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TSA: Last year set record for guns at US airports

Posted January 23, 2015

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— Officials with the Transportation Security Administration said Friday that 2014 set a record for the number of firearms confiscated at airports across the country.

Federal authorities said 2,212 weapons were found in carry-on bags at checkpoints, a 22 percent increase from 2013. Of the weapons found, 83 percent of them were loaded.

The top number of weapons seizures happened at Dallas-Fort Worth International Airport, where 120 guns were confiscated. The nation’s busiest airport, Hartsfield-Jackson in Atlanta, ranked second with 109 confiscated weapons.

Charlotte-Douglas International Airport ranked No. 12 with 43 firearms, and Raleigh-Durham International Airport ranked 24th with 29 guns, officials said.

In a blogpost, TSA officials recapped some of the highlights from 2014, including a 94-year-old man who was stopped at a LaGuardia Airport checkpoint in New York with a loaded .38-caliber revolver clipped to his belt and another passenger at Cincinnati-Northern Kentucky International Airport who had a 380-caliber firearm strapped to his ankle.

Guns weren’t the only items seized by security officers in 2014. TSA officials also found a number of dangerous devices, ranging from live grenades and stun guns to gun powder and artillery shells.

“Officers also find inert items that appear very realistic,” officials wrote in the blog. “The problem with these types of items is that we don’t know if they are real, toys or replicas until TSA explosives experts are called upon. Inert items can lead to disruption, closed terminals and checkpoints, which often result in canceled or delayed flights.”

Passengers also tried to smuggle a variety of concealed contraband in 2014.

Officials said they found a saw blade in a Bible, a pocket knife in a potato chip bag, an 8-inch knife inside an enchilada, a knife disguised as lipstick, two small-caliber bullets sewn into a shirt cuff, a razorblade in a cellphone and hundreds of pounds of narcotics hidden in everything from a package of raw meat to the hollowed-out pages of a textbook.

“Keep in mind that far more was discovered than those listed in this report,” TSA officials said in the blog. “When bags searches are needed, the line slows down.”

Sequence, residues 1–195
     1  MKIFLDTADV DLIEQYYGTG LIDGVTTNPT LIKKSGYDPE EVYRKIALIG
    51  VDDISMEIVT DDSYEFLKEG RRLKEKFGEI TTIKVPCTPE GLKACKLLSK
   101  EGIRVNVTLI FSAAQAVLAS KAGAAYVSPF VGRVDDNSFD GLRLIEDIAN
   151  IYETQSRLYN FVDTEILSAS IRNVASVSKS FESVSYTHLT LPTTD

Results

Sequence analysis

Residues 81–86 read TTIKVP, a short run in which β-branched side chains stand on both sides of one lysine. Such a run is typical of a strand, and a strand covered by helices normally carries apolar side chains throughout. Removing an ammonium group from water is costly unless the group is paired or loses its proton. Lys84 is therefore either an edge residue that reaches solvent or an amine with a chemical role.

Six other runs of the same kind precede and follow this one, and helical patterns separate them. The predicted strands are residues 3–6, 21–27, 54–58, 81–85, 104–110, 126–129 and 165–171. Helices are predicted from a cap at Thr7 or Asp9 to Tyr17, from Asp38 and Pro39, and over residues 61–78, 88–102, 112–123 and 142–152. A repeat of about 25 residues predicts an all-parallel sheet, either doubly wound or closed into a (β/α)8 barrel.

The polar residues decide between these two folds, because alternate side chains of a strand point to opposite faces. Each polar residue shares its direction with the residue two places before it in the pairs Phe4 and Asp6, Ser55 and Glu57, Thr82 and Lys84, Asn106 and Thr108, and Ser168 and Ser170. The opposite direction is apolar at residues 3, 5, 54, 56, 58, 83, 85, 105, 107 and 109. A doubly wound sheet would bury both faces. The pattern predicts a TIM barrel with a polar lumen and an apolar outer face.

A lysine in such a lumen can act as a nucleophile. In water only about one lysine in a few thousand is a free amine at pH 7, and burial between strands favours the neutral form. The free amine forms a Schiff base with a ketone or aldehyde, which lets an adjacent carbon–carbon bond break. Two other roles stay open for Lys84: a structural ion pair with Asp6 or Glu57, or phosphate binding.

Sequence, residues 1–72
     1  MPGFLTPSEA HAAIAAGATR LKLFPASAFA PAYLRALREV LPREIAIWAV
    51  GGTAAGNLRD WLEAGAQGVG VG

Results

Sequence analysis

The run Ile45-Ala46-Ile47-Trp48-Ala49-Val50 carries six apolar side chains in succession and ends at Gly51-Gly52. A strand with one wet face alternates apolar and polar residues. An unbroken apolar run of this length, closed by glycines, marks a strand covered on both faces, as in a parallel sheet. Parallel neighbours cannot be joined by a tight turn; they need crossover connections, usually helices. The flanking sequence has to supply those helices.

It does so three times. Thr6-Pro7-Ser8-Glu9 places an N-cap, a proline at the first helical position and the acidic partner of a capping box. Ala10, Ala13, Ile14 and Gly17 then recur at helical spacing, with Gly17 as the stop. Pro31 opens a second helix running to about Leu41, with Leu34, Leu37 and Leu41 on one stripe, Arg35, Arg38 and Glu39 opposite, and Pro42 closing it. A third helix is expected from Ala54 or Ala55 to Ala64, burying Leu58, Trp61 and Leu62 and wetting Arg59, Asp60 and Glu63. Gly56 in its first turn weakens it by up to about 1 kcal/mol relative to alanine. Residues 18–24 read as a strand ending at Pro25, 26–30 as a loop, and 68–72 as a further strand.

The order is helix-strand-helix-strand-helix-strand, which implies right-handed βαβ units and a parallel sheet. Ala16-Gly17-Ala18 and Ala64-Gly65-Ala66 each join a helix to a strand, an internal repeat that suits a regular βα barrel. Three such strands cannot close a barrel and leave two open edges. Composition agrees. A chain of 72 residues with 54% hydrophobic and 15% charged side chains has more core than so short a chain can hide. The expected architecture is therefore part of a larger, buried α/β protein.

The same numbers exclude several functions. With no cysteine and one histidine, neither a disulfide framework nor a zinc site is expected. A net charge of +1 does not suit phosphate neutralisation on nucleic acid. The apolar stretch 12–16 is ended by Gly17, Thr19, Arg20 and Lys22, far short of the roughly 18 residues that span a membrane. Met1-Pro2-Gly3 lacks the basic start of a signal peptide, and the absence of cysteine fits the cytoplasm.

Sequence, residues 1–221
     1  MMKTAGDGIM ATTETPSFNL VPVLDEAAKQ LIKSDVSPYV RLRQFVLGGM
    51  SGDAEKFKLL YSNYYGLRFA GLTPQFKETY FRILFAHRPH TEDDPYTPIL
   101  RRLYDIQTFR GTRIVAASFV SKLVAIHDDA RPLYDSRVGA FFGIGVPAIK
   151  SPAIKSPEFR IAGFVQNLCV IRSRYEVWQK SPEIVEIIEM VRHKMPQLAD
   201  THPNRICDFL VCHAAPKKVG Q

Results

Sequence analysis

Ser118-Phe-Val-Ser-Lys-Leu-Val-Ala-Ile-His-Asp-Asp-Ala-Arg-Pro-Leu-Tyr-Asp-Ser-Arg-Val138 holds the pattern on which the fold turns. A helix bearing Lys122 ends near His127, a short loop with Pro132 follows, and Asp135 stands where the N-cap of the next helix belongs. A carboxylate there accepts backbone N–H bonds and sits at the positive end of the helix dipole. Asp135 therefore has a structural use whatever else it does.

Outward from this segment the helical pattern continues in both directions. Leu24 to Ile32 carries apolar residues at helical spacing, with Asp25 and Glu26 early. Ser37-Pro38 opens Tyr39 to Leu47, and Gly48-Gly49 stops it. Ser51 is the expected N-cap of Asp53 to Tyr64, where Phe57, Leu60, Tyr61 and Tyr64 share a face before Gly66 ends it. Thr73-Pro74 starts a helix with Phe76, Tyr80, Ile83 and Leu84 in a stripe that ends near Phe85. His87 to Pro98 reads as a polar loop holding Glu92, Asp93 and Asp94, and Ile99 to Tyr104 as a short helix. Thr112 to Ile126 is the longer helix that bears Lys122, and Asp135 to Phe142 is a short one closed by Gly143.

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  • James Barefoot Jan 25, 2015
    user avatar

    Well Well , TSA has started doing their job, And those 2 airports see a lot of people, Whats the percent of passengers

  • NotLiberal Jan 23, 2015

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    There is no need to speak to a person who will not hear.

  • NotLiberal Jan 23, 2015

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    Its done every day. Just go into a court house in NC that has a metal detector. Its illegal, morally wrong and probably close to larceny, but it still goes on because no one has the money to challenge the illegal seizure for a usually small value item.

  • Dnut Jan 23, 2015

    hourglas Jan 23, 4:03 p.m.
    As a former TSA officer, most are average people who forgot they had the gun with them. Most are concealed carry permitted and are just used to having the gun with them.
    I too am a concealed carry person, but I think I know where my gun is at all times.
    Shame they forgot, but now they have to forfiet their gun.>>>I'm sorry, did I miss something? Why do they have to "FORFIET" there firearms? I was under the impression, they can either have it stored and pick up later or leave and miss there flight. Since when does TSA just take a firearm, because you forgot it was on you? That's not in there authority to just "TAKE" the weapon and not have a way of recovring it, or the loss!

  • 68_dodge_polara Jan 23, 2015

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    yep not one.

  • 68_dodge_polara Jan 23, 2015

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    Because the Constitution is limited to walking on the ground just on dirt paths? Don't think so. Shall not be infringed....

  • NotLiberal Jan 23, 2015

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    For one thing I would not advocate banning water or swimming pools or lakes or the ocean as anti gun people would and do.

  • MrX-- Jan 23, 2015

    More than 650 million people fly per year so guns are extremely rare to be found on someone trying to board.

  • Brian Jenkins Jan 23, 2015

    But how many terrorists did they catch? Oh yea, none....ever.

  • NotLiberal Jan 23, 2015

    View quoted thread

    Would you make the same comparison if the child died from: drowning, a fire, a car wreck, a fall, alcohol poisoning, drug abuse, (well you get the idea) ?